Pastor arrested as war criminal
By TAMARA LUSH, Times Staff Writer
TEMPLE TERRACE -- Since coming to the United States from Haiti in 1995, Hebert Valmond has become an influential member of Tampa's thriving Haitian community.
He became a pastor, opened his own church and bought a home in an upscale neighborhood.
But on Monday, in a move that shocked local Haitians, immigration officers armed with a deportation order arrested Valmond. They say he participated in the 1994 torture and massacre of two dozen peasants in his homeland.
"A lot of people know him. I never heard anything about him committing any crimes," said Ed Jean-Pierre, a member of the Haitian Association Foundation of Tampa Bay. "I know a lot of people in the army did a lot of bad stuff, but that doesn't mean everybody did."
Valmond, 52, of 6110 Soaring Ave., was a lieutenant colonel in the Haitian army. In 1998, a Haitian court issued a warrant for his arrest in the killings at the seaside community of Raboteau.
He moved to Florida in 1995, records show, and married a U.S. citizen. Patricia Mancha of the U.S. Immigration and Nationalization Service said Valmond entered the country on a six-month visa. He was a state-licensed security officer and a certified nurse assistant.
On April 11 of this year, an immigration judge ordered Valmond to be sent back to Haiti after an investigation into his involvement in the Raboteau massacre.
According to published reports, Valmond was a high-ranking member of the paramilitary government for former Haitian dictator Raoul Cedras. He was sixth-in-command, said Richard Krieger, the head of International Educational Missions, a nonprofit organization that researches and promotes detaining and deporting foreigners accused of war crimes.
Under Cedras' command, Valmond and dozens of others allegedly raided Raboteau, an extremely poor community 93 miles north of the country's capitol city, Port-Au-Prince, in April of 1994. The military forced their way into homes, tortured people, forced some to lie in open sewers and killed them, reports said.
"Valmond was not just a bystander, nor was he a low-ranking official," Krieger said.
All of the people killed were supporters of Jean Bertrand Aristide, the country's current president. In 2000, 22 Haitians -- including Cedras and Valmond -- were tried in absentia. Valmond was found guilty of murder, torture, destruction of homes and other crimes.
The trial was a milestone for Haiti's government because it was the first time paramilitary leaders had been tried for human rights violations.
According to the INS, Valmond is not the first alleged Haitian war criminal to be arrested in Florida. There have been at least a dozen others, Mancha said.
"When someone doesn't want to be found, they do everything possible to hide," Mancha said. Florida's large Haitian community makes that easier. The Haitian community here has grown substantially in recent years -- to an estimated 20,000 Haitians in the Tampa Bay area.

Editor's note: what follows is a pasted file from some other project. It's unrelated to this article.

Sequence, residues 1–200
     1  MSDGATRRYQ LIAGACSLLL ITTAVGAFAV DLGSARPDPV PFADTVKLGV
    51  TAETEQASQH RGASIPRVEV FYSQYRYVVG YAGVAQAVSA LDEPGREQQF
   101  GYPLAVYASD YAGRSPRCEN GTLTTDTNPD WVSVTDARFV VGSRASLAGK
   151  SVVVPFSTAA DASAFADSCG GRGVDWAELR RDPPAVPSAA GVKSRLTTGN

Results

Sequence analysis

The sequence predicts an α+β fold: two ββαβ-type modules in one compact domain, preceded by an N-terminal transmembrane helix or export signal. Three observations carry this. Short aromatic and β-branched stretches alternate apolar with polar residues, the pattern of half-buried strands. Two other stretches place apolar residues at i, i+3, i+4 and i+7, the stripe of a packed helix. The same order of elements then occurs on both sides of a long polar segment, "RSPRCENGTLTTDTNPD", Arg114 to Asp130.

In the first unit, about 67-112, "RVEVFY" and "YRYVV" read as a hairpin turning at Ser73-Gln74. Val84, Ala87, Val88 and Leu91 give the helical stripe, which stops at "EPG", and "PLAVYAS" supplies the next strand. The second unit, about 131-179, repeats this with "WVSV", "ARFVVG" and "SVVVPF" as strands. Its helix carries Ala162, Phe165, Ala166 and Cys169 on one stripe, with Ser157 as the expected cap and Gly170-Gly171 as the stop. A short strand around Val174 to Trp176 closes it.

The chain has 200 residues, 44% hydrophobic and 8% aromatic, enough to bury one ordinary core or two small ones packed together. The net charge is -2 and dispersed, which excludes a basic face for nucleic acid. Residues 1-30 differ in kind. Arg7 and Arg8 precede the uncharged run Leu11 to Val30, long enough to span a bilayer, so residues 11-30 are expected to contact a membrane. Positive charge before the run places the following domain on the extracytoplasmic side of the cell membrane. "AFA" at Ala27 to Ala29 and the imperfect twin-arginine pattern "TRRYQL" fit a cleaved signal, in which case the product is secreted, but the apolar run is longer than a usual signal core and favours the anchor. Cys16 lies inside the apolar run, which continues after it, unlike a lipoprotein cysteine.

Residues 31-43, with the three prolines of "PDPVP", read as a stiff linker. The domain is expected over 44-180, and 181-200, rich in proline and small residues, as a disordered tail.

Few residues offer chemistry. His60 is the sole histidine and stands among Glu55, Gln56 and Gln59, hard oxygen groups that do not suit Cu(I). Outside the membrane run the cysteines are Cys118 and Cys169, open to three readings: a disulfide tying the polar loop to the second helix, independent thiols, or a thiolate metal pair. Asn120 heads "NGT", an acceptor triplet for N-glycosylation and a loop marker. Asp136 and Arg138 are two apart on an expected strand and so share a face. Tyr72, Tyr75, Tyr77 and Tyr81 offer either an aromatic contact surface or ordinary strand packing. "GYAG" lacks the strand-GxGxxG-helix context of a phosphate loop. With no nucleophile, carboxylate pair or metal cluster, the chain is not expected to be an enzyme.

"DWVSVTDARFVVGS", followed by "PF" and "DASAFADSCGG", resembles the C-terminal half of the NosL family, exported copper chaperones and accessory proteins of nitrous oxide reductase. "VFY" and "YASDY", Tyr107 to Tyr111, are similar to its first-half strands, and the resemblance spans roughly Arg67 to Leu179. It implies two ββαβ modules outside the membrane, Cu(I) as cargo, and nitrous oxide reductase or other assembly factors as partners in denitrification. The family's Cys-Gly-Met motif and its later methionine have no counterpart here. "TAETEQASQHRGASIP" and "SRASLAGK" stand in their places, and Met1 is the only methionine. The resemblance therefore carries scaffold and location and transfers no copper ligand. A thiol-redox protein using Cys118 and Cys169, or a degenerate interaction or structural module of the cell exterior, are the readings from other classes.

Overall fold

Last week, a former Haitian general also involved in the Raboteau massacre was reported to be living in Orlando and working at Walt Disney World. Disney executives said Jean-Claude Duperval ceased working for the company on April 12, according to Newsweek.
Last year, the INS arrested Carl Dorelien, a former Haitian army colonel who also allegedly participated in the same massacre as Valmond. Dorelien, who won $3.2-million in the Florida state lottery, is appealing his extradition to Haiti.
Valmond is being held at the Sarasota County Jail. INS officials are proceeding with deportation orders, but officials said Valmond may have a right to appeal his case.
Valmond's brother-in-law, Emmanuel Revolus, refuses to believe that Valmond was involved in the attack.
"We grew up together," said Revolus, who lives in Tampa. "I know him as a good man."
Revolus said that because Valmond was a member of the Haitian army during an especially tumultuous time in the country, he is being unfairly portrayed as a killer. Revolus sharply criticized the INS for detaining his brother-in-law and maintains that U.S. officials do not know the complexities of Haitian politics.
If Valmond is deported to Haiti, the ruling government will almost certainly kill him for being part of Cedras' army, Revolus said.
"The INS should have a good investigation before they get involved in a case like that," said Revolus. "It's like they work for the government of Haiti."
-- Times researcher John Martin contributed to this report, which used information from the Associated Press.
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